-Hedge fund managers receive a special tax break that allows them to pay a 20% rate, the people they make money for pay 35%. That has been estimated to cost $6 billion.

-Wal-Mart. The Walton family could have a whole list devoted to how much welfare they suck up, and the list would run several chapters. Here are a few highlights.

The Waltons, America's biggest dole dossers.

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-Wal-Mart gets $7.8 billion a year in corporate welfare. $6.2 billion of that are in the form of social welfare their employees get via things like Section 8, SNAP, and Medicaid because Wal-Mart doesn’t offer a living wage for most employees. They are America’s biggest private employer.

-But don’t think Wal-Mart is completely heartless! In 2013, a store in Canton, Ohio held a food drive for employees who would otherwise have not had anything to eat for Thanksgiving. Those Waltons, is there no beginning to their generosity?

-Another $1 billion is saved using tax breaks and loopholes to write off capital investment costs.

-$607 million in federal taxes are avoided through lowered tax rates on capital gains.

-Double-dipping! Not only does Wal-Mart pay their low wage employees so little that they require SNAP benefits, but Wal-Mart captured 18% of the SNAP market in 2013. Henry Ford paid his workers well enough so they could afford to buy his cars. The Waltons pay so little that their employees can only afford to shop at Wal-Mart.

-Remember this article about getting money out of politics and how lobbyists spend big money buying Congress? Wal-Mart spends $6-8 million a year lobbying. And it’s working if the numbers above are what we judge by.  A better return on investment than the measly 7% us plebs are getting in the stock market.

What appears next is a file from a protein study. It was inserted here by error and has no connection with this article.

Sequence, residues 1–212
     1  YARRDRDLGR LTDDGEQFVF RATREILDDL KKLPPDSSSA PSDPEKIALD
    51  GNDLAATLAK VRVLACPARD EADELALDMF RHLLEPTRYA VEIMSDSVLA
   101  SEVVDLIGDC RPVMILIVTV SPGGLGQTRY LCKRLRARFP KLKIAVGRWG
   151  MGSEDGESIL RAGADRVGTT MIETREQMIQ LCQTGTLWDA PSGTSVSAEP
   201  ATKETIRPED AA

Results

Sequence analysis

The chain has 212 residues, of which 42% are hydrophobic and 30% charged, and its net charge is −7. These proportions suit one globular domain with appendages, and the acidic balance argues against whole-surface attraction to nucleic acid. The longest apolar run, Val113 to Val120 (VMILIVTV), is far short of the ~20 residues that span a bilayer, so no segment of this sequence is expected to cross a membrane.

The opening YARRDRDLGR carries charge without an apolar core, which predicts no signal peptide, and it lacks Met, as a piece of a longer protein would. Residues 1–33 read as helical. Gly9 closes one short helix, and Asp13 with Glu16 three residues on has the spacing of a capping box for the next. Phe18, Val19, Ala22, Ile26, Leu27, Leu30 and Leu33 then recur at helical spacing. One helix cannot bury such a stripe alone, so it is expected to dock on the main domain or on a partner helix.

-In 2013 the state of Washington gave an extension on tax breaks to Boeing that will total $8.7 billion. That is the single biggest state tax subsidy ever granted to an American company. That little deal, along with “worker concessions” that will move them away from pension plans, secured production of the 777X aircraft will remain in Washington.

Boeing lobbyists were understandably delighted with this outcome. Such was their gratitude, they threw a party for Washington state lawmakers. I wonder if the goody bags were big suitcases full of unmarked bills.

All things considered, Boeing is not the worst company to subsidize.  They pay their workers pretty well so they aren’t on the breadline like Wal-Mart’s employees. But it continues the dangerous precedent of big companies blackmailing state and local government with the threat of job losses to wring ever-bigger subsidies out of the treasury. Which we all pay for, whether you work for Boeing or not.

The Bottom Line

So, what is all this corporate welfare costing you? About $6,000 a year for each American family. Would some of us just blow that money on dining out and updated tech gadgets? Yes, of course.

But some of us would put that money into a retirement account, save it for a child’s college fund, or pay down our college loans. I can tell you what none of us would do, hand it over to any member of the Walton family.

Candice Elliott - Editor-in-Chief
Candice Elliott is a substantial contributor to Listen Money Matters. She has been a personal finance writer since 2013 and has written extensively on student loan debt, investing, and credit. She has successfully navigated these areas in her own life and knows how to help others do the same. Candice has answered thousands of questions from the LMM community and spent countless hours doing research for hundreds of personal finance articles. She happily calls New Orleans, Louisiana home-the most fun city in the world.